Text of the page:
How Government Almost Killed the Cocktail

How Government Almost Killed the Cocktail

the title of my piece is government almost killed the cocktail the old fashioned is an extremely simple drink to make but in many ways it represents the ideal of what a good cocktail should be it's an ideal and an idea that we almost lost thanks to Prohibition what happened wasn't just that we lost the booze or the recipes we also lost a lot of the knowledge from those celebrity bartenders in many cases the bartender's retired in some cases they went over to Europe and when Prohibition ended they weren't around to teach people how to drink well again so in the decades after prohibition what we had was a kind of cocktail Dark Ages where people didn't really know how to make a good cocktail a lot of liqueurs just weren't available during that time in part because prohibition had really drawn down the stock of aged spirits thankfully in the 1990s a couple of bartenders started looking at pre-prohibition cocktail books in some cases they even went so far as to resurrect old spirits that hadn't been made for decades so while government almost killed the cocktail thankfully American bartenders brought it back from the brink of death and today may be the best time of all to have a drink in America Cheers you

23 thoughts on “How Government Almost Killed the Cocktail

  1. Ah, a Reason video about alcohol released on December 5th. There's a 1/5th [of whiskey/December] joke in there somewhere…

  2. Didn't the government create the cocktail in prohibition? Since the bathtub booze was so bad, they had to mix it with something to make it drinkable.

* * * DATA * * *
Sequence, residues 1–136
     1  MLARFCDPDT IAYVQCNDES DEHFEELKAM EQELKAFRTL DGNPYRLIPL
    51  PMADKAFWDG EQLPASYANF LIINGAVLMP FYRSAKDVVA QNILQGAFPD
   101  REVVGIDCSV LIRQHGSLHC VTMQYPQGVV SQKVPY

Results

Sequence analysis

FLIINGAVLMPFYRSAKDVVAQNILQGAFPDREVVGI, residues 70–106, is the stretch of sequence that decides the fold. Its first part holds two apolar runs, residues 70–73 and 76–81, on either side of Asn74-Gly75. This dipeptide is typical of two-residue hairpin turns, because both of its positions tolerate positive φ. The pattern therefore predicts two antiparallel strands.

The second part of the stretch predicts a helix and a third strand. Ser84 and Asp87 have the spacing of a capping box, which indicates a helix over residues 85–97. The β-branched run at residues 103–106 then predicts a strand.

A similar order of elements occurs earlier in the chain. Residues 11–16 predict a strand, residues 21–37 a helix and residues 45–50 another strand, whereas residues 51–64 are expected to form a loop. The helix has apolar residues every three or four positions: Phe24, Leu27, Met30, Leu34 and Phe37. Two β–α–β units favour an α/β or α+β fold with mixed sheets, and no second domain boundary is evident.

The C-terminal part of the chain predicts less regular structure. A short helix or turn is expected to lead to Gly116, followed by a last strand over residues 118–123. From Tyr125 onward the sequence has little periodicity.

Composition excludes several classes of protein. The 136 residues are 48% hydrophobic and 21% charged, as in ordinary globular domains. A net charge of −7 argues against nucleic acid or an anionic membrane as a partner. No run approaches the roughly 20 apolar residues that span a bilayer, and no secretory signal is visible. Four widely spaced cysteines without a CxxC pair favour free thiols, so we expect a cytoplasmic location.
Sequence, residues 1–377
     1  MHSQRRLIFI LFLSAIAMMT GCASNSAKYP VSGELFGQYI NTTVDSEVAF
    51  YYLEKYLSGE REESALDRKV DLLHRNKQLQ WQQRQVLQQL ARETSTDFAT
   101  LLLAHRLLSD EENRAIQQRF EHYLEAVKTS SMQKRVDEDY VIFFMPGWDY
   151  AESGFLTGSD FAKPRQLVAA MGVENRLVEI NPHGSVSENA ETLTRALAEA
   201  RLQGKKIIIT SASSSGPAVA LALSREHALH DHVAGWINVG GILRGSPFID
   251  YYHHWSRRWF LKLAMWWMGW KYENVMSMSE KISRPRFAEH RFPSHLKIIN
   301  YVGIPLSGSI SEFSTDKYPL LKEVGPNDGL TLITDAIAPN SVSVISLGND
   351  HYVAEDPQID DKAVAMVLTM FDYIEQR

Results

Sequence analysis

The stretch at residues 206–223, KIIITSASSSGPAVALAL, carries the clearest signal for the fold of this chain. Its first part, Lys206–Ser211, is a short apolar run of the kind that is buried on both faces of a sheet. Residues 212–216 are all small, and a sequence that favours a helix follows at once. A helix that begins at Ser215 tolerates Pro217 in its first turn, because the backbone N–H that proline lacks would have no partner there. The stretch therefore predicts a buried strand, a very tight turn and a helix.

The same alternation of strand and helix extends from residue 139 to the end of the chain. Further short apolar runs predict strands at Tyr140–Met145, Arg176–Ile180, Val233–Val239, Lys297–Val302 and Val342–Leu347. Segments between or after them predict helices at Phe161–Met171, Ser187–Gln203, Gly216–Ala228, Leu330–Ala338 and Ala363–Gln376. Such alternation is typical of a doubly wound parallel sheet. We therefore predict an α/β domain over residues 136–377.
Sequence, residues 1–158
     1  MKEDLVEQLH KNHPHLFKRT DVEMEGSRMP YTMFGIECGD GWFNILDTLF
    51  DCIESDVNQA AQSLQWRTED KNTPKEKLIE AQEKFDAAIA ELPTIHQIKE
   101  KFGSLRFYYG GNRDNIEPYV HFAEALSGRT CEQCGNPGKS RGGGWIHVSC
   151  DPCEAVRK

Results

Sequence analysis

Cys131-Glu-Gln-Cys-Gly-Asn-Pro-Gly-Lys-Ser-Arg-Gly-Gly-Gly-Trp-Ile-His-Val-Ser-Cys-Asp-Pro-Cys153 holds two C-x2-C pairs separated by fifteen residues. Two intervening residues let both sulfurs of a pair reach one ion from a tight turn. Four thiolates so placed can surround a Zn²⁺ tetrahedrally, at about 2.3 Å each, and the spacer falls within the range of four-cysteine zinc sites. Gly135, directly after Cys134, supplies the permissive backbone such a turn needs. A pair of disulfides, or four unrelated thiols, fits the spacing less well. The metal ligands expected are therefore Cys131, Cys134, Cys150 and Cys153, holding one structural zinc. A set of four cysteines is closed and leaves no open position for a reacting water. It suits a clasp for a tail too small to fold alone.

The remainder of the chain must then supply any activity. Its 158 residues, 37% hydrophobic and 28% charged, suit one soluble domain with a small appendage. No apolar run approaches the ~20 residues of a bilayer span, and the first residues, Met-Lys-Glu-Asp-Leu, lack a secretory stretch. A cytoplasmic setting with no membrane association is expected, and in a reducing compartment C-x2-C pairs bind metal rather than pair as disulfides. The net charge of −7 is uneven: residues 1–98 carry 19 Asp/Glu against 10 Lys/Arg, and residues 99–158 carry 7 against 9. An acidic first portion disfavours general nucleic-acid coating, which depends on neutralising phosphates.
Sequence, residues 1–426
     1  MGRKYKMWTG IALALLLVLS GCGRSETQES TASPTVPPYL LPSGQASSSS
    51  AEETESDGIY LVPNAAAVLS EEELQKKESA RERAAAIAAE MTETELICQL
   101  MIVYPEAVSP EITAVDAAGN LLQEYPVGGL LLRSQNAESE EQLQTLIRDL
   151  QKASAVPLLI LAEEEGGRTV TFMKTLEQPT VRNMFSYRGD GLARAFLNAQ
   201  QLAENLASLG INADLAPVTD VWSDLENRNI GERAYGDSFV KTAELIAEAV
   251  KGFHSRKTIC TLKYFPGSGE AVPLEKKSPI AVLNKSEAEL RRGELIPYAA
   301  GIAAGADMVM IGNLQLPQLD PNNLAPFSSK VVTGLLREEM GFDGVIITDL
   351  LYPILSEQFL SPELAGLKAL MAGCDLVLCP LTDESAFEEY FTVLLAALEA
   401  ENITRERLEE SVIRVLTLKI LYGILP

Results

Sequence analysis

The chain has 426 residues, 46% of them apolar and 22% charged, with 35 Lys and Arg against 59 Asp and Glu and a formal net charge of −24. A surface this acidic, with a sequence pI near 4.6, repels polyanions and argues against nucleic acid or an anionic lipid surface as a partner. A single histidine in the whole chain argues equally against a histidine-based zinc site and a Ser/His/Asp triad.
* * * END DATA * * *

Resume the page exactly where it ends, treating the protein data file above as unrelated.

3. Resist the US Government's coming ban on Kratom. Yet another prohibition that violates our American Bill of Rights. Even if you've never heard of it I urge you to take action. Take a few moments to learn about Kratom and email your Congressional reps.

  4. I'm sure the cocktail would survive regardless of the regulatory environment. On a different note, the govt assisted in killing the potential careers and possibly even the potential start of one thanks to the extremely unpopular and expensive War on Drugs.

  5. I find the best part of cocktails is having the attractive bartender stand in profile view and shake the cocktail. It's best if they shake the drink horizontally at eye-level. This really brings the authenticity to cocktails that makes you feel like a secret agent.

  6. Speaking of booze and alcohol, it might be worth mentioning the feds killed 10,000 people by deliberately poisoning beverages to enforce prohibition

  7. Prohibition caused a BOOM in mixology, the bathtub Gin was so putrid that juices & inventive mixes where added to the rottgut booze. Creating new and exciting drinks, 😉